Sometimes, you’ll meet a potential tenant that you really like, but they just can’t afford the rent at your property so you have to let their application pass by. In the right situation, however, tenants that have hit hard times will have a Section 8 housing voucher they can use to rent approved properties.
When potential tenants plan to use Section 8 vouchers as a payment method, a lot of landlords will quickly look the other way and find a new tenant. The idea of receiving vouchers makes many feel like they are taking unnecessary risk on their investment.
Are landlords required to accept Section 8 tenants, or are they able to refuse them? Does refusing section 8 vouchers make sense for the common landlord, or are there benefits to accepting these government-backed housing vouchers?
Understanding how Section 8 housing vouchers could play a part in your profits or losses is an important part of becoming a more experienced landlord; here’s what we think that you need to know.
A Table Of Contents For Section 8 Landlord Benefits And Rules
- What Is Section 8?
- Are Landlords Required To Accept Section 8 Tenants?
- Is Section 8 Good For Landlords?
Before we get into the pros and cons of accepting Section 8 tenants, let’s review what section 8 is and how it may affect your business.
The phrase “Section 8 Housing” refers to a specific part of the national housing code that helps struggling tenants pay for housing. Also known as HUD housing, this program grants vouchers to tenants that act as a guarantee that the program will pay 70% of the rent while the tenant will be responsible for the other 30%.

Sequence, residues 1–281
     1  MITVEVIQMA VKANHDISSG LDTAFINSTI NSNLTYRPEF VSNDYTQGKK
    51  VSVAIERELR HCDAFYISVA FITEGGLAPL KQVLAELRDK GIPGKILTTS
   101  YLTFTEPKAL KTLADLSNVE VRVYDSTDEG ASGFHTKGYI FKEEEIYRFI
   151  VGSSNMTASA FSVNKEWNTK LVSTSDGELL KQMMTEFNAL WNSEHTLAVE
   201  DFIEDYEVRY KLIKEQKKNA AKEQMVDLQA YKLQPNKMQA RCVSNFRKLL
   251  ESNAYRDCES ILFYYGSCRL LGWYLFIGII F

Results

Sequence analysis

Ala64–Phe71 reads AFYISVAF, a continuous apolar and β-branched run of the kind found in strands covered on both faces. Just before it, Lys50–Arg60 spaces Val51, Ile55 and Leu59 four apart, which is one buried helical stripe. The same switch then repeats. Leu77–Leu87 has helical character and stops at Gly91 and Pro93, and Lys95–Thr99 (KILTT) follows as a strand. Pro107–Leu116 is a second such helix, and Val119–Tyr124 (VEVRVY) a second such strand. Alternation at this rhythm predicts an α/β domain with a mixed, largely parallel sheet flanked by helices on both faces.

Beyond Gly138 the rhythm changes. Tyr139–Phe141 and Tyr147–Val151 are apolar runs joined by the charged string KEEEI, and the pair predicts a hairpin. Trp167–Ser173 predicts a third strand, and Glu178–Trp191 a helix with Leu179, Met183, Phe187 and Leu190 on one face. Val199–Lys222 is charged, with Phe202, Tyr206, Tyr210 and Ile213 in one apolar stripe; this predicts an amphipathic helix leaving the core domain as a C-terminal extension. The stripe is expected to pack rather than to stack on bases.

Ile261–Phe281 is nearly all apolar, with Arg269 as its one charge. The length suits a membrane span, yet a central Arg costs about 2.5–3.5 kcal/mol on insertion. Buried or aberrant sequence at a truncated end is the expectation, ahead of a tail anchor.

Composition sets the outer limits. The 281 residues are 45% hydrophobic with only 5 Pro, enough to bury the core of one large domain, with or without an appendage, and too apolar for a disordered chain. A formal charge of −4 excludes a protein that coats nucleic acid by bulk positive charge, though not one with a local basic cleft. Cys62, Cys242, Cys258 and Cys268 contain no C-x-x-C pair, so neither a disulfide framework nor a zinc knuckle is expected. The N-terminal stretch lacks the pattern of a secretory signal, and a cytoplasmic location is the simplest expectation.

This is not the only way that Section 8 housing works. In some cases, the voucher is held by a specific property rather than by a specific tenant. These housing units, sometimes referred to as projects, grant voucher privileges to those living at the property. When a tenant moves out, the voucher remains with the property for the next tenant.
Enacted in the early 1970s, this program is managed by the Department of Housing and Urban Development. HUD ensures that voucher-holding tenants are treated properly by their landlords and only using the vouchers at approved and safe housing locations.
Now that we’ve gotten our refresher course about Section 8 housing, let’s get into today’s main topic: Are landlords required to accept Section 8 tenants?
As is often the case in real estate, there is not a single answer to this question.
In most areas, landlords are not required to accept Section 8 tenants. However, there are some regions and states where there are some limitations about when landlords can and cannot deny an application by a Section 8 voucher holder.
Some Common Exceptions
There are quite a large number of places where you cannot deny a Section 8 applicant simply because they are going to be using a housing voucher to cover some of their rent. While the majority of state laws do not require Section 8 acceptance, many cities and counties have adopted their own HUD housing ordinances.
While we cannot list every single area as there are too many, we can cover some of the most well-known exceptions:
In Chicago, it is illegal to discriminate based on a tenant’s income, so denying a Section 8 tenant just for their voucher is ill-advised.
The state has recently passed legislation that prohibits landlords from denying or refusing to accept applications from those who utilize public assistance.
Texas has laws that forbid cities and counties from implementing any discrimination bans such as those passed in Chicago.
All in all, there are 15 states that have some type of rules about Section 8 housing or income-based housing discrimination at this time.